Piano Concertos by father and son: David Monrad Johansen and Johan Kvandal
The art of composing has been regarded as a craft all through the history of Europe, the composer’s skill has been inherited from father to son, often for generations. In Norway, the most famous example of this musical father/son relationship is the one between David Monrad Johansen (1888-1974) and his son Johan Kvandal (1919-99). The outstanding Håvard Gimse premieres their two piano concertos on this recording.
Norwegian roots and new waves
David Monrad Johansen had a key position in the Norwegian musical life in the time between the World Wars. In this period the whole musical society was influenced by nationalistic ideas, and Monrad Johansen was inspired by the old Norwegian sagas as well as the writers of his time. In his music he indeed succeeded in blending the Norwegian roots with the new waves of this era. In his political ideas, however, he stagnated. Pan is doubtless the most famous piece by Monrad Johansen; a tribute to the Norwegian writer Knut Hamsun, and one of the Norwegian orchestra works most played internationally. The piece combines impressionism and polyphony and is, according to the composer, an expression of the powers of nature that exist in Hamsun’s literature. Monrad Johansen’s Piano concerto has a strict form, three movements, and is an admirable written piece of music.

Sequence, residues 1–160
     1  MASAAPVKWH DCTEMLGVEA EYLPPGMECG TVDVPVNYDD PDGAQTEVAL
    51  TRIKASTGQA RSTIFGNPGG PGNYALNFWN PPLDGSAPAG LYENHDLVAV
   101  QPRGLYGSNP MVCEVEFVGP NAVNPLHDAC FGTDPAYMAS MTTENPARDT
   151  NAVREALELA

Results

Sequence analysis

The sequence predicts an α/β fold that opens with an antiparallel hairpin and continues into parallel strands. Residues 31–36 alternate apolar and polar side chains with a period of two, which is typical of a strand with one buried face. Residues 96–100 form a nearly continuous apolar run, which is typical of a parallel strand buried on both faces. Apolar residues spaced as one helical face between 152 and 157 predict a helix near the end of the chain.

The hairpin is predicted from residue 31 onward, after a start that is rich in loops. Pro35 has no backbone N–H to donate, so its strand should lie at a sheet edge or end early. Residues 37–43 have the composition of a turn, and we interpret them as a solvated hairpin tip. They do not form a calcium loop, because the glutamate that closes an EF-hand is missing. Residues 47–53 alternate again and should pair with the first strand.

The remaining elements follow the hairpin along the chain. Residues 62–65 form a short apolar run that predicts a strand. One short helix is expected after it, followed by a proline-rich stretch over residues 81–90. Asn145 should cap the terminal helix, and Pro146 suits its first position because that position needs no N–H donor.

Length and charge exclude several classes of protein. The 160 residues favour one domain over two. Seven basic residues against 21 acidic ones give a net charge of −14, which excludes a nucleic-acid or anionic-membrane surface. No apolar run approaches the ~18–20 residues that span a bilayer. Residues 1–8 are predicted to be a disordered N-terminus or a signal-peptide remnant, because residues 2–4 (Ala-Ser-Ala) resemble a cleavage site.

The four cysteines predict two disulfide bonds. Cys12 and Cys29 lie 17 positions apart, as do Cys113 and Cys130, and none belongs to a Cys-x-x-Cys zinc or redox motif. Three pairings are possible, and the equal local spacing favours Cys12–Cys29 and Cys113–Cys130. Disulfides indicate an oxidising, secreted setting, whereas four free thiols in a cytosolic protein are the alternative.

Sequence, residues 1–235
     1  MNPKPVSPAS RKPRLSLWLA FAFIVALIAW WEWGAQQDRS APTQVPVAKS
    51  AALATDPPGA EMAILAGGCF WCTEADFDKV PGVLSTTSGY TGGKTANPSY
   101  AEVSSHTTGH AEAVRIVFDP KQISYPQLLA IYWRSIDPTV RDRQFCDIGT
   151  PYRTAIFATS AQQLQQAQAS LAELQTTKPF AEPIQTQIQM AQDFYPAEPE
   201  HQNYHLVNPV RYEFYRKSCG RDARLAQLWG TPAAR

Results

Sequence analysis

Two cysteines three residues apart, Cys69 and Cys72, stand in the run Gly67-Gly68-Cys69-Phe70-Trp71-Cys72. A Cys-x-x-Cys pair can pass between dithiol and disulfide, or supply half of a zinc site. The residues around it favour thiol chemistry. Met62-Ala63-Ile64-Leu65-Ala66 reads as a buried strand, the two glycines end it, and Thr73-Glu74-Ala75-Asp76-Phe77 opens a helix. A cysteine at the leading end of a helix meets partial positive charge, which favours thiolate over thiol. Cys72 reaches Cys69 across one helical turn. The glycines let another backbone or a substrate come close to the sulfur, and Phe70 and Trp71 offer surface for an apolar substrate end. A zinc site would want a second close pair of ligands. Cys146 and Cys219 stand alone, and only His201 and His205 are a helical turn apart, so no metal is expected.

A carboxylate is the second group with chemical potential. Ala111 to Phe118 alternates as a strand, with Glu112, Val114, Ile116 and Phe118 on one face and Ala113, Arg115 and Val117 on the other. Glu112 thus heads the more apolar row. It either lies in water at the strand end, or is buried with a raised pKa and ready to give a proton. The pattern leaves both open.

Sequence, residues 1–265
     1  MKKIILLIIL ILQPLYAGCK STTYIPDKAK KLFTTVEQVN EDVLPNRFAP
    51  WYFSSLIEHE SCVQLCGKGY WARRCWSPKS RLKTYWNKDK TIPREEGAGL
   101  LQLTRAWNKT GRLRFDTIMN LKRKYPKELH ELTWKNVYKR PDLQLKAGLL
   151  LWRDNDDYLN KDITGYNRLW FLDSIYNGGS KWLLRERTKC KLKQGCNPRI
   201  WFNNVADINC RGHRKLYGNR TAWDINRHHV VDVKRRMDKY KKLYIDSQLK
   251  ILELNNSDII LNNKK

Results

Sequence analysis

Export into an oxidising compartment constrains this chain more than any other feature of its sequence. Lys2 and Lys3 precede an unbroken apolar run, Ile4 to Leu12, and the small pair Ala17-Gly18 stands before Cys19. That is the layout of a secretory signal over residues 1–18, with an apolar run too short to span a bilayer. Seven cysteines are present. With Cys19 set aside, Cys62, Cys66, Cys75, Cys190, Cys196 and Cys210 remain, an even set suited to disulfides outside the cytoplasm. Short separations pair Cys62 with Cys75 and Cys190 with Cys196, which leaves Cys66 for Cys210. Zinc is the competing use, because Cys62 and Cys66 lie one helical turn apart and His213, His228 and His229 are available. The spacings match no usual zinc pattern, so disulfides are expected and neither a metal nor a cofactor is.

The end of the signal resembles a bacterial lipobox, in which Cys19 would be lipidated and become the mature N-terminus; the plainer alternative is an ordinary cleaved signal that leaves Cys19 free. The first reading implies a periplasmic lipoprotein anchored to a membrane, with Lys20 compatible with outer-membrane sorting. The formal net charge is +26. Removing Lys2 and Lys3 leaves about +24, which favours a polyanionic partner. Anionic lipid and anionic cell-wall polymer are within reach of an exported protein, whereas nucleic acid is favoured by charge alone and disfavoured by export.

Johan Kvandal’s last composition
Kvandal shared his fathers almost naturalistic relationship with the Norwegian arts and music, but his own expression was even more influenced by European music than Monrad Johansens. Kvandal’s Piano concerto was the last thing he wrote, and it was finished in 1998. Håvard Gimse was the prime force behind this piece, and played all the movements as soon as they were ready from the composer’s pen. The second movement is unique in the literature of concertos; opening as it does with a solo phrase of 19 bars – a solo given to the tuba.
Oslo Philharmonic Orchestra plays with a great excess under the guiding hands of Christian Eggen and Ole Kristian Ruud. Håvard Gimse is of course one of Norway’s most active and praised pianists, and he plays the two concertos with variation, precision and energy – the best conditions for the presentation of the pieces.